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Correspondence |

Acute Hypercapnia and Gas Exchange in ARDS FREE TO VIEW

George Findlay, MB ChB; Matt Wise, DPhil
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Affiliations: University Hospital of Wales Cardiff, Wales, UK,  University of Tennessee Health Sciences Center Memphis, TN

Correspondence to: Matt Wise, DPhil, University Hospital of Wales, Adult Critical Care, Heath Park, Cardiff, CF14 4XW, Wales, UK; e-mail: mattwise@doctors.org.uk



Chest. 2006;130(6):1950-1951. doi:10.1378/chest.130.6.1950
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To the Editor:

Sinclair et al1recently reported in CHEST (July 2006) the effects of acute hypercapnia on ventilation-perfusion matching in an animal model of acute lung injury. The authors cited two studies3 of ARDS patients in which the effects of acute hypercapnia, produced by low-tidal volume ventilation, on gas exchange were examined. While in experimental models hypercapnia improves gas exchange in normal lungs (where CO2 is usually added to inspired gases), hypercapnia as a consequence of protective lung ventilation led to impaired oxygenation as a result of increased shunting.,23 In contrast, Mancini et al4 demonstrated improved oxygenation and reduced shunting in eight ARDS patients in whom hypercapnia had been induced by reducing tidal volumes from 10 to 12 mL/kg to 5 to 7 mL/kg. However, it would appear that improvement4 or deterioration23 in oxygenation and shunting correlated with changes in mean airway pressure rather than acute hypercapnia per se.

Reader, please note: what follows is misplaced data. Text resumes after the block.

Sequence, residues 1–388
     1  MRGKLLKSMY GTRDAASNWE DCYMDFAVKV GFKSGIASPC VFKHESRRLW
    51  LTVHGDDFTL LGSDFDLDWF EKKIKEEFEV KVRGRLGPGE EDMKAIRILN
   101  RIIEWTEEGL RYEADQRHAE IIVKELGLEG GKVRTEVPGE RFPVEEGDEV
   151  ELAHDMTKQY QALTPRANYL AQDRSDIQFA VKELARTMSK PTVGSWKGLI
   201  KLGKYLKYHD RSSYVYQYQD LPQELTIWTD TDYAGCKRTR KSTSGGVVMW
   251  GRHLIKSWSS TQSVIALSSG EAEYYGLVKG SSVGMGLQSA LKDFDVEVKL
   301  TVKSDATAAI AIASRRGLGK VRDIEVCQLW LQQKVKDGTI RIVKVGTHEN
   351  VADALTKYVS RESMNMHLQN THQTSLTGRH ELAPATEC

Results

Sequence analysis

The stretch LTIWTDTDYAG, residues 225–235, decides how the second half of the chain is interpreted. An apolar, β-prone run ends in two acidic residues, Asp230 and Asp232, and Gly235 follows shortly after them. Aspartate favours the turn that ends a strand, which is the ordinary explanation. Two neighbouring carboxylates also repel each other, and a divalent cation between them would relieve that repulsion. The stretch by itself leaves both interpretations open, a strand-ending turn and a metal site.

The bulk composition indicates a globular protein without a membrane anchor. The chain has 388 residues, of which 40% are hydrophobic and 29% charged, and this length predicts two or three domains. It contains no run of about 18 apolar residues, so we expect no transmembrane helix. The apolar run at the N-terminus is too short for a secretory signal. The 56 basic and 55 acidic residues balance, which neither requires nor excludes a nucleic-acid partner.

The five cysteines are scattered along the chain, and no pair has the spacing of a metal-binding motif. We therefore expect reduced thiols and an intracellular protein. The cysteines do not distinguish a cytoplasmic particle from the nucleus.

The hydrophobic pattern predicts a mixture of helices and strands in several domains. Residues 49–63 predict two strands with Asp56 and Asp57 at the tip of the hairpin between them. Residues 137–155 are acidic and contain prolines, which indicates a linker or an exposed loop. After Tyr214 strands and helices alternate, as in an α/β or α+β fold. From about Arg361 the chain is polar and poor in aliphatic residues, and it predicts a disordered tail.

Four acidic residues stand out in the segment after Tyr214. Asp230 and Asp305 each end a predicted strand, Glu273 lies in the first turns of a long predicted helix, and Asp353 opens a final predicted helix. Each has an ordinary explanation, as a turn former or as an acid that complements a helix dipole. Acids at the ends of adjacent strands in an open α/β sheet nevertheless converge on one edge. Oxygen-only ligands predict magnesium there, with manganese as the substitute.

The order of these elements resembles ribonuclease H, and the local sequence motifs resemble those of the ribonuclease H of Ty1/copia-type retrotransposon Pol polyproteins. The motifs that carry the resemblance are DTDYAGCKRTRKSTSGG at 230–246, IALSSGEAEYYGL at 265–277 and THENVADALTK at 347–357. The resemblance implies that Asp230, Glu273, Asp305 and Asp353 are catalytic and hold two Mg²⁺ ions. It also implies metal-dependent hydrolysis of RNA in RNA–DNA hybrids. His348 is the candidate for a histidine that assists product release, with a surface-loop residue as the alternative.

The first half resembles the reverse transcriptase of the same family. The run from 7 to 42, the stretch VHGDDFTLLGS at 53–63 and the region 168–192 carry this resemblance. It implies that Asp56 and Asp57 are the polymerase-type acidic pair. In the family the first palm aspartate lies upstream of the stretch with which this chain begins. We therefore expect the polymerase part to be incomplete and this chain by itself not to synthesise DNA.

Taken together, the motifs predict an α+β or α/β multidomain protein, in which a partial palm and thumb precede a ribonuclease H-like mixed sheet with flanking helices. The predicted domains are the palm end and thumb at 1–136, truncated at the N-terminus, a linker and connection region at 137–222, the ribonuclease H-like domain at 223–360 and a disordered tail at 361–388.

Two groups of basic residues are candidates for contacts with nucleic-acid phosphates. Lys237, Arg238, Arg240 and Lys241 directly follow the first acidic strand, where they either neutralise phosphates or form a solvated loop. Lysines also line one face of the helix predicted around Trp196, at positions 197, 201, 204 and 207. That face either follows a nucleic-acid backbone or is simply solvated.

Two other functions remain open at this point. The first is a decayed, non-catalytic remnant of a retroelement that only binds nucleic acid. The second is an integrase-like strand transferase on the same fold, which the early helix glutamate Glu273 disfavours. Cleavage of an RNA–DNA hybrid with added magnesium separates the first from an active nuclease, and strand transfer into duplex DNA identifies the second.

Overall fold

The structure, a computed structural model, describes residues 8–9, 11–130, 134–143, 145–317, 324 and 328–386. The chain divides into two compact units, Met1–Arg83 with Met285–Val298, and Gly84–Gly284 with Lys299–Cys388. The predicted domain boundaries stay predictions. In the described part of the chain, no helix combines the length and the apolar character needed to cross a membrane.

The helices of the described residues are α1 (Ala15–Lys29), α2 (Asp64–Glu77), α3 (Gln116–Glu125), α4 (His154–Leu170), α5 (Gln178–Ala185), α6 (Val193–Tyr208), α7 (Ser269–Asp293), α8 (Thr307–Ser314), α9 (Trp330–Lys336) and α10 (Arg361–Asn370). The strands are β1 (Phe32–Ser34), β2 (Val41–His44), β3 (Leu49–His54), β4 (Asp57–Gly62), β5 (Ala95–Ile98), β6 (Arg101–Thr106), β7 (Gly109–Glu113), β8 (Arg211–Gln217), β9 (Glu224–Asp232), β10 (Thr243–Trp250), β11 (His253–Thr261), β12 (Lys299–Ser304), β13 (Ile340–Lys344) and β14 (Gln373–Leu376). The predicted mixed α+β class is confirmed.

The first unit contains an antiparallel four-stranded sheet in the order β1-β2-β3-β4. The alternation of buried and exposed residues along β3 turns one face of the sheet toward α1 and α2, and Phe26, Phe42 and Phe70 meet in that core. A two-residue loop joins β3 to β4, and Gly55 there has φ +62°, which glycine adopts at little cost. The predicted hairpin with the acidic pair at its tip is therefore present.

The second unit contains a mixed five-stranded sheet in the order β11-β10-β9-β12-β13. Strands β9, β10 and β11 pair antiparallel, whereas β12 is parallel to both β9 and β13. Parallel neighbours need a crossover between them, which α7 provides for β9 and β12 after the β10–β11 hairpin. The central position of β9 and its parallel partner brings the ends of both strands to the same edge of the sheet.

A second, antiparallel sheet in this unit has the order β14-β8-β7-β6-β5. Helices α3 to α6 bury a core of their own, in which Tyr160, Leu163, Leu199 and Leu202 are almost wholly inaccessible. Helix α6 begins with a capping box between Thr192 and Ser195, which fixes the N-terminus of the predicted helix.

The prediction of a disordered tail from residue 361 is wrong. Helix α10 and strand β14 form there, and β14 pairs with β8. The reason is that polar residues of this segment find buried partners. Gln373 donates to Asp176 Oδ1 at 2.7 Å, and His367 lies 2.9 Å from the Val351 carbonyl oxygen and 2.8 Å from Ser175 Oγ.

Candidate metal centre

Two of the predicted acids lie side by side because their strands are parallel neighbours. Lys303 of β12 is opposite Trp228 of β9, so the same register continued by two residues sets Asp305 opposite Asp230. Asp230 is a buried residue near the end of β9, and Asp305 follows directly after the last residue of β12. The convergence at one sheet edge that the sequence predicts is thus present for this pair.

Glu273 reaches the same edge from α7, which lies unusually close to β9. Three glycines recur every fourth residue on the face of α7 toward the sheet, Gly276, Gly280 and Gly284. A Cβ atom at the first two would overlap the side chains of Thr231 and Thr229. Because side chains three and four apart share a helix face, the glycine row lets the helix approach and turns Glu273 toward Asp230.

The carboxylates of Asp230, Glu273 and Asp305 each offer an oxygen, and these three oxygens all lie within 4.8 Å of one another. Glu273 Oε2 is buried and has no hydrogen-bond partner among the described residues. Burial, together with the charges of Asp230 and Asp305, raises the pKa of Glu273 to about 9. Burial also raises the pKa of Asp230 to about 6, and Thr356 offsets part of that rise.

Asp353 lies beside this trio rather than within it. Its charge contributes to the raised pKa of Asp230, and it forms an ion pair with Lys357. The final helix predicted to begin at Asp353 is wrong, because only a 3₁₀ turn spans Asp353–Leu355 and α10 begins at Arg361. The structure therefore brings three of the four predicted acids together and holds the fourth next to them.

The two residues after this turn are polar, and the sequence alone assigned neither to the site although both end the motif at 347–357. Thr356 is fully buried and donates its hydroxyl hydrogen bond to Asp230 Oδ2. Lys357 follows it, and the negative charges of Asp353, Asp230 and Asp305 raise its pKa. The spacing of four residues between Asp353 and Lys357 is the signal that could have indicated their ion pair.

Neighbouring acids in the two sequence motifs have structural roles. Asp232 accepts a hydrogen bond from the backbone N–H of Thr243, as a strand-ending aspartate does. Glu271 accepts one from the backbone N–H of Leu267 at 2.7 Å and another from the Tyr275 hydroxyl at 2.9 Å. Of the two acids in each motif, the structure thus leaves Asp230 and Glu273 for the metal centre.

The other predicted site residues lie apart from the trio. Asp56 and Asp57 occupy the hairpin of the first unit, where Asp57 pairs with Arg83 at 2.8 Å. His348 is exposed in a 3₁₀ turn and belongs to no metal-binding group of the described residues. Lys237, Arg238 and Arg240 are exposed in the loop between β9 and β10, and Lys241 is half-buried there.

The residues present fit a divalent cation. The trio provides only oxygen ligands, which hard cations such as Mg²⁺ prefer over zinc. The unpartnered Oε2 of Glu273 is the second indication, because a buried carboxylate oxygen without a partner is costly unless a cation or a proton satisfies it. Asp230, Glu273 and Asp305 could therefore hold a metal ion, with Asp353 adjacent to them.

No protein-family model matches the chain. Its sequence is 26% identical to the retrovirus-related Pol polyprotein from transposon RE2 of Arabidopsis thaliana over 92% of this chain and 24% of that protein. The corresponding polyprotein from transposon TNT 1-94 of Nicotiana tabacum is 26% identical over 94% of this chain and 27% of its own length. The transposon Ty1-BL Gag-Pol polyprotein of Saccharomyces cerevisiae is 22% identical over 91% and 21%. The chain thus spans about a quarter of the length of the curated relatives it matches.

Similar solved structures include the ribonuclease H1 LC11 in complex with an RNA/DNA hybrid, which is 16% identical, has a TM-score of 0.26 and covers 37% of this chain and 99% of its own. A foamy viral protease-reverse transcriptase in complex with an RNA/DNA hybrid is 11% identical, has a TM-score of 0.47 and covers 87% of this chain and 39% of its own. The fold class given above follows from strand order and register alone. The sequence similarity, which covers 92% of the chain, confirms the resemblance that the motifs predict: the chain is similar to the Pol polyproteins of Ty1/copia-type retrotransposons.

Sinclair et al1 hypothesized that the effects of hypercapnia on gas exchange in lung injury were largely unknown and may be beneficial, although they subsequently found no significant change. In their model, hypercapnia was induced by adding CO2 to inspired gases or adjusting minute ventilation through changes in rate rather than tidal volume (keeping the mean airway pressure constant). In our institution, we have used another method, the addition of dead space, to induce hypercapnia in ARDS patients.,5 This approach also has the advantage that mean airway pressure is unaltered. No significant alteration was observed in Pao2, Pao2/fraction of inspired oxygen ratio, or shunting when acute hypercapnia was compared to normocapnia.,5 Sinclair et al1 postulated that lung injury produced by the homogeneous depletion of a surfactant may abrogate the beneficial effects of CO2 on gas exchange that is observed in normal lungs; however, hypercapnia may be advantageous in patients with heterogeneous lung injury such as that caused by pneumonia. Although only two patients in our study had pneumonia as a cause of ARDS, neither showed improvement in gas exchange when they were acutely hypercapnic.

The authors have reported to the ACCP that no significant conflicts of interest exist with any companies/organizations whose products or services may be discussed in this article.

The author has reported to the ACCP that no significant conflicts of interest exist with any companies/organizations whose products or services may be discussed in this article.

Sinclair, SE, Kregnow, DA, Starr, I, et al (2006) Therapeutic hypercapnia and ventilation-perfusion matching in acute lung injury: low minute ventilation vs inspired CO2.Chest130,85-92. [CrossRef] [PubMed]
 
Feihl, F, Eckert, P, Brimioulle, S, et al Permissive hypercapnia impairs pulmonary gas exchange in the acute respiratory distress syndrome.Am J Crit Care Med2000;162,209-215
 
Pfeiffer, B, Hachenberg, T, Wendt, M, et al Mechanical ventilation with permissive hypercapnia increases intrapulmonary shunt in septic and nonseptic patients with acute respiratory distress syndrome.Crit Care Med2002;30,285-289. [CrossRef] [PubMed]
 
Mancini, M, Zavala, E, Mancebo, J, et al Mechanisms of pulmonary gas exchange improvement during a protective ventilatory strategy in acute respiratory distress syndrome.Am J Crit Care Med2001;164,1448-1453
 
Findlay, GP, Smithies, MN The response to inhaled nitric oxide at normocarbia and hypercarbia [abstract]. Intensive Care Med. 1997;;23(suppl) ,.:S20
 
To the Editor: